And precisely because it does not present a utopia, but a story of power struggles with the dangers of authoritarianism and anarchist fanaticism, Dune draws a different model of the political from the one commentators on capitalism right and left condemn us to. The sheen of solarpunk politics in Dune is glimpsed in the fact that its tragedy is not the collapse of functioning democracies (after all, as we know well, every state democracy ruthlessly prescribes who and how can enjoy its legalistic equality), but the degeneration of Fremen institutions and mentality along with the jihad against the Empire. Dune throws us into a feudalistic dystopia of solarpunk realism, in its boundaries we can follow the illuminations of a better future: jihad + ecology8.

Eco-jihad from a European perspective sounds as extreme as Pandora’s box, but when after decades of peaceful marches and climate protests more climate summit agreements continue to be broken, while fossil fuel extraction, clothing production and the amount of plastic in the oceans continue to grow - we are up against a wall and other ideas, techniques and strategies are urgent. More than 20 years of Western media saturation has created a clear image of jihadists, but it should be remembered that terrorism targeting innocent people is only one of the forms jihad can adopt. Jihad in Arab cultures means, in a broad sense, taking action to “get to a better place”; it is also about caring for one’s place, making laws and fighting for survival. Negarestani adds that jihad is the resistance of the desert against the invasion of empire. In all these senses, jihad involves directed technicality, cunning and secrecy in the name of survival. Now, this idea can be applied to climate activism through Andreas Malm’s How to blow up a pipeline. In this 2018 book, Malm argues the reason why climate strikes are ineffective is that they are absolutely committed to pacifism - the lack of a militant wing to perform acts of sabotage against the private property of the bourgeoisie, energy infrastructure, industry, etc. deprives an otherwise large movement of a tool to put pressure on state authorities. Crucially - and Malm stresses this time and again - sabotage cannot target ordinary citizens, it cannot be bloody on grounds that are both obviously ethical (because killing innocent people is wrong, period) and strategic, because then you alienate the public from the movement and the cause9.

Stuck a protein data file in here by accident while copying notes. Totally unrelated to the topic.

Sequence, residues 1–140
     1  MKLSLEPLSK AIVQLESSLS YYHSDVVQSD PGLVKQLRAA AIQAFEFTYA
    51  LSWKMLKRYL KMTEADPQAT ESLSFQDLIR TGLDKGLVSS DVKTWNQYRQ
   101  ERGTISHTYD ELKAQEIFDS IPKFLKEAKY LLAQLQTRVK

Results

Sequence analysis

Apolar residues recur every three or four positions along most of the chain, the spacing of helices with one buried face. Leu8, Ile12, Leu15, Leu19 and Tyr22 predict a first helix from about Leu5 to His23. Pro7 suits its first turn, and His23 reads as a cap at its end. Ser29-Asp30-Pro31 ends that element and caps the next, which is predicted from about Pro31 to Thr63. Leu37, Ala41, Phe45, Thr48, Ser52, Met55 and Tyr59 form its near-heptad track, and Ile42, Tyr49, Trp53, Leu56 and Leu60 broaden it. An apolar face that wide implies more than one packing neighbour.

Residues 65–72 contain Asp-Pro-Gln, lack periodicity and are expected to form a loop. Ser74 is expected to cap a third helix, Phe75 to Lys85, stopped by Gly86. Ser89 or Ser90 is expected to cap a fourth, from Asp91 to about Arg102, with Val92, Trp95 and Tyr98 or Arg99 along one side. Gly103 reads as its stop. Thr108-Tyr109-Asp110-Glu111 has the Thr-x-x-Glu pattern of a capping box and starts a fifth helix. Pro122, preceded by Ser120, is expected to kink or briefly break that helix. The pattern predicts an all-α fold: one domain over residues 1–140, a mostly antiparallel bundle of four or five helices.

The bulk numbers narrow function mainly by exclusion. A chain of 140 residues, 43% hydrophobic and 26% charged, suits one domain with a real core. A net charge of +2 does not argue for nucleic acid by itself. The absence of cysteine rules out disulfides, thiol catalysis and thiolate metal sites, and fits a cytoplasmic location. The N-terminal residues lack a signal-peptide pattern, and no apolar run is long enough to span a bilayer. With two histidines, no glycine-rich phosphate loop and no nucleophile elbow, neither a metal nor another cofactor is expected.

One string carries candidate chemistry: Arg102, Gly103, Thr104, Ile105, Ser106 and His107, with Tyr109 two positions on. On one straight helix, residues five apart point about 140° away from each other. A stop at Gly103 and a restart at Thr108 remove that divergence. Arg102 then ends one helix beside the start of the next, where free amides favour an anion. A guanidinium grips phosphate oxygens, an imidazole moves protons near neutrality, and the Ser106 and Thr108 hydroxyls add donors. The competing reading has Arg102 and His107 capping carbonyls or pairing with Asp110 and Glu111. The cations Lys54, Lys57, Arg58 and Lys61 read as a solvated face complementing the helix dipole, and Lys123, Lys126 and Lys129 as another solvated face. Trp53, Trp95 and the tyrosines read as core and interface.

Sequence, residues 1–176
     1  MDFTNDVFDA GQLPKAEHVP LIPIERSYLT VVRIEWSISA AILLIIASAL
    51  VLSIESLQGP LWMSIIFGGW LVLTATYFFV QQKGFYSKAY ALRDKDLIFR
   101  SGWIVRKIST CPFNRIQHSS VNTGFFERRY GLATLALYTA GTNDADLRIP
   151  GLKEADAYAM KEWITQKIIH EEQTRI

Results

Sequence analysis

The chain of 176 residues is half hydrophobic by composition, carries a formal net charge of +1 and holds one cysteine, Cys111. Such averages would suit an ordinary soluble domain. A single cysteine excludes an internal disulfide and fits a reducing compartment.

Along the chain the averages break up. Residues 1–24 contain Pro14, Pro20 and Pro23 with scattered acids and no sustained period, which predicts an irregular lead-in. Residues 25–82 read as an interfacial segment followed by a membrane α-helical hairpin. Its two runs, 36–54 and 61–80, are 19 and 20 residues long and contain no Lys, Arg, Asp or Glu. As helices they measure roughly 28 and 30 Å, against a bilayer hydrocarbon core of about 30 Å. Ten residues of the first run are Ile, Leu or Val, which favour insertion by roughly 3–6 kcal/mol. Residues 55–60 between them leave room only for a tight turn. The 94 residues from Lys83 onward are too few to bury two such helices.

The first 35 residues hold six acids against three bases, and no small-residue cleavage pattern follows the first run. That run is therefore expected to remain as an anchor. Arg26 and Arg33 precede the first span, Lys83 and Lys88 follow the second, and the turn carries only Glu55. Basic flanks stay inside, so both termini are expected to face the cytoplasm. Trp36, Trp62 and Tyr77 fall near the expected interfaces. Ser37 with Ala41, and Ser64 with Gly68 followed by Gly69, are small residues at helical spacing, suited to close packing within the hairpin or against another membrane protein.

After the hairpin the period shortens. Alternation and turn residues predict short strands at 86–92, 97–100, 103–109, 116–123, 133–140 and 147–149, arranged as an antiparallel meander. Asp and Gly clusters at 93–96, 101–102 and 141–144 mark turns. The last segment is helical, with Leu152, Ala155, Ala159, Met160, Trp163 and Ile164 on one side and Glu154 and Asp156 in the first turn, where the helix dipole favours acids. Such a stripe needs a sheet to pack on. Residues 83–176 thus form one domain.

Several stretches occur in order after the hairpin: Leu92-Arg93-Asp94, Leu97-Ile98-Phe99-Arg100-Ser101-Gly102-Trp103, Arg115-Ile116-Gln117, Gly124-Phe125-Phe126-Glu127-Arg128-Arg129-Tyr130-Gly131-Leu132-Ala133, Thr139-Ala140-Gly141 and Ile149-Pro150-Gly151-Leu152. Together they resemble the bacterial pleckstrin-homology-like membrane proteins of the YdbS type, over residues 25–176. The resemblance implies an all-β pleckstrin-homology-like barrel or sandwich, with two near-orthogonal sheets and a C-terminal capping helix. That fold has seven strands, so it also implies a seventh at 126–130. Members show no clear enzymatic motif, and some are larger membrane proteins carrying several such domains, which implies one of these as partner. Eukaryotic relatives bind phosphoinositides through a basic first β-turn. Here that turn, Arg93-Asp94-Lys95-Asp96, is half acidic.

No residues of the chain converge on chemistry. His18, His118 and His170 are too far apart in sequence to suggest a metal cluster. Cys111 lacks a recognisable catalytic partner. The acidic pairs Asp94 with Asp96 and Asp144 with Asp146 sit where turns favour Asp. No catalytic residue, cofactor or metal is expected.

The problem projected by the solarpunk diagram and Dune can be rephrased once again: what must be done to morph Behemoth into thousands of venerated icons, faces, mouths and maws, rather than into the service of the cult of one face? The transformation must be broader than political and economic institutions, or aesthetic style - the levels on which the modern mind has been focused - but at the same time much closer and deeper than engagement with civil society. Dune locates this behemoth energy in religion, because religion is the only matrix we know that has the capacity for something so holistic and radical (Latin radix - root, core). Religion represents a vehicle for social revolution long untried, capable of creating a new mental ecology or metaphysical horizon. Under an ever harsher sun and with ever deeper shadows, the only path left to us, our Fate, is radical spiritual transformation - illumination instead of enlightenment.

3 White boy jihad summer

Before I move on, I want to discuss a few issues relating to colonialism, exocitism and orientalisation in the context of Dune.